When an individual outgrew a proprietorship, a corporation used to be the norm. Today, limited liability companies (LLCs) are the new normal. See IRS: Forming a Limited Liability Company. But if you have a corporation—one you formed or inherited—should it be S or C? What does this alphabet soup even mean?
Articles of Incorporation filed with your Secretary of State are the corporation’s birth certificate, but they don’t say if the corporation is S or C. All corporations are C corporations (under subchapter “C” of the tax code) unless they file for S status. If you take no action, your corporation is a C corporation.
Whether S or C, a corporation is entitled to limited liability. It’s traditionally the reason businesses incorporate. It is also a structure people understand. A separate legal entity, it is owned by shareholders, ruled by a board of directors who elect officers to do day to day management.
But C vs. S status is all about taxes. File a one page “S election” with the IRS and it is taxed almost like a partnership or LLC. See IRS: S Corporations. A corporation may be taxed as a C corporation for many years and then change to S status. Alternatively, by filing the S election upon initial formation, it will never be a C corporation, so does not need to worry about the built in gain tax on conversion from C to S (more about that tax below). Of course, it could always convert later from S to C.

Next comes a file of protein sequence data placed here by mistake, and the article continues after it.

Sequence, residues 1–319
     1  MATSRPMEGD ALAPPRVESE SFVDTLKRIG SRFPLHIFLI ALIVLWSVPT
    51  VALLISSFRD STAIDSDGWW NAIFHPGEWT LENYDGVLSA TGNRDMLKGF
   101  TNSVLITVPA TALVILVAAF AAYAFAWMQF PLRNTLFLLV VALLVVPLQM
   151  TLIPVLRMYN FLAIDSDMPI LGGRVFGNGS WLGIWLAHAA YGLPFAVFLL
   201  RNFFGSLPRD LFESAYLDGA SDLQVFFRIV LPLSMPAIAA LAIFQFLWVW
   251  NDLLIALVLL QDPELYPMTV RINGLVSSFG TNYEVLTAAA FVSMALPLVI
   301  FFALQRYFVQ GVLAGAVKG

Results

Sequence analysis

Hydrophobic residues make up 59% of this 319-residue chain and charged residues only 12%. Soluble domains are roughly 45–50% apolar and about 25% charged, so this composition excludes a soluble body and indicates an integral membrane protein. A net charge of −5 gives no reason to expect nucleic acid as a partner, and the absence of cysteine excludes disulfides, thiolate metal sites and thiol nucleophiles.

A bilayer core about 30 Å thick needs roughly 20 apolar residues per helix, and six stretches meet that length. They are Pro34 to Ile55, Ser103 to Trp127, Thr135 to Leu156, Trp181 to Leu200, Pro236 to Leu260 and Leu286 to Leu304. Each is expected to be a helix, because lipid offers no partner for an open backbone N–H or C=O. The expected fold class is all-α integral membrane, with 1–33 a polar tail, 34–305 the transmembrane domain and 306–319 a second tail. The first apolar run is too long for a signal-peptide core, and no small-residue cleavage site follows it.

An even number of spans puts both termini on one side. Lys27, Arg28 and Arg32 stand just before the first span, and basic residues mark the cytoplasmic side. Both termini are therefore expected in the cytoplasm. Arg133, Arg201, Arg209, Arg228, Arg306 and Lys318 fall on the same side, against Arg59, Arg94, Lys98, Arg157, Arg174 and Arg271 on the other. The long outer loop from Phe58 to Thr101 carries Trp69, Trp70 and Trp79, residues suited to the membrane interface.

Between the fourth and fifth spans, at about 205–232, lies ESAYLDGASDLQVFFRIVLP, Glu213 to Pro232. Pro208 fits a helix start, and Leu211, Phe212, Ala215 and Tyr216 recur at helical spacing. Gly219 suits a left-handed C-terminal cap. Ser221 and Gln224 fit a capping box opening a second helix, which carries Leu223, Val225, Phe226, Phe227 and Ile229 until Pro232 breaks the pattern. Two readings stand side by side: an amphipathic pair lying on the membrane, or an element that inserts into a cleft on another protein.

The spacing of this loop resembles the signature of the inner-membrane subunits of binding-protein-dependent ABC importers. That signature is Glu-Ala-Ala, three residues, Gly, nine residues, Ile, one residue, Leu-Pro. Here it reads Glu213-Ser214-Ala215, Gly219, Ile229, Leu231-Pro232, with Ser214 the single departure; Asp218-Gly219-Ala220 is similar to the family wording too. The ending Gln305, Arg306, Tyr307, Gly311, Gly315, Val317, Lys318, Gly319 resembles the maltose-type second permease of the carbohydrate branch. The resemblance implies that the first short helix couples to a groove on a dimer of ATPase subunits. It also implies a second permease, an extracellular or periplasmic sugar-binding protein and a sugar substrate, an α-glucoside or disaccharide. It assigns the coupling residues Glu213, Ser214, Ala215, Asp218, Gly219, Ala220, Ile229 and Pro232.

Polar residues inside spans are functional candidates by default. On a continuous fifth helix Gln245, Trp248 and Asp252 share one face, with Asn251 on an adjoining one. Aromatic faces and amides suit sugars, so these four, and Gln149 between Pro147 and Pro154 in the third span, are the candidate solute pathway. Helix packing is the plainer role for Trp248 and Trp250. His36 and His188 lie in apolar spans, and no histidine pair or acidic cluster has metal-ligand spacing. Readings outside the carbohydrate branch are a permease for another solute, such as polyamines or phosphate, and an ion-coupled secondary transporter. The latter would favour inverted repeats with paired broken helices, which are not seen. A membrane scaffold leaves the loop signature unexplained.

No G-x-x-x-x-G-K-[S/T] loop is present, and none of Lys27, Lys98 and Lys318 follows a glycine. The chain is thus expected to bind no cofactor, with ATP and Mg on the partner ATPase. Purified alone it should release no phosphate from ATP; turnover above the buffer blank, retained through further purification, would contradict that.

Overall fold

Income from a C corporation is taxed twice. The corporation pays tax on its net income. Then, shareholders also pay tax on distributions. Income from an S corporation is taxed once at the shareholder level.
Who is Eligible? An S corporation can have no more than 100 shareholders, only U.S. citizens and resident aliens, generally individual shareholders, and a calendar fiscal year. If there are multiple classes of stock, only differences in voting rights are allowed. For most small businesses, these criteria are easy to meet.
If the owners are more comfortable with the corporate form than with an LLC, an S corporation can be a good choice. However, the accounting rules for S corporations are complicated, and it is hard for existing C corporations to convert. An S corporation can face corporate tax if it was previously a C corporation and elected S status within the last 10 years (this is the built-in gain tax noted above). Many of these rules can be avoided if you start out with an S corporation. To do this, file your S election within 75 days of forming your corporation.
Bottom Line. How do you weigh the pluses and minuses on your facts? Usually, C corporations make no sense for small businesses due to double tax on income and on proceeds of sale. Besides, if you incur losses, you want to claim them personally, favoring an S. Whatever you do, get some advice, and pay attention to the tax rules.
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Robert W. Wood practices law with Wood LLP, in San Francisco. The author of more than 30 books, including Taxation of Damage Awards & Settlement Payments (4th Ed. 2009 with 2012 Supplement, Tax Institute), he can be reached at Wood@WoodLLP.com. This discussion is not intended as legal advice, and cannot be relied upon for any purpose without the services of a qualified professional..